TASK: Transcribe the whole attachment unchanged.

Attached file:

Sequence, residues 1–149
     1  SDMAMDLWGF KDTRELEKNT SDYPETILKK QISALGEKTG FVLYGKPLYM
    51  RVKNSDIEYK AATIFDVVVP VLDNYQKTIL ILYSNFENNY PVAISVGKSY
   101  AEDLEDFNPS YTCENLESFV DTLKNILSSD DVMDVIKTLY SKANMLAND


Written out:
Sequence, residues 1–149
     1  SDMAMDLWGF KDTRELEKNT SDYPETILKK QISALGEKTG FVLYGKPLYM
    51  RVKNSDIEYK AATIFDVVVP VLDNYQKTIL ILYSNFENNY PVAISVGKSY
   101  AEDLEDFNPS YTCENLESFV DTLKNILSSD DVMDVIKTLY SKANMLAND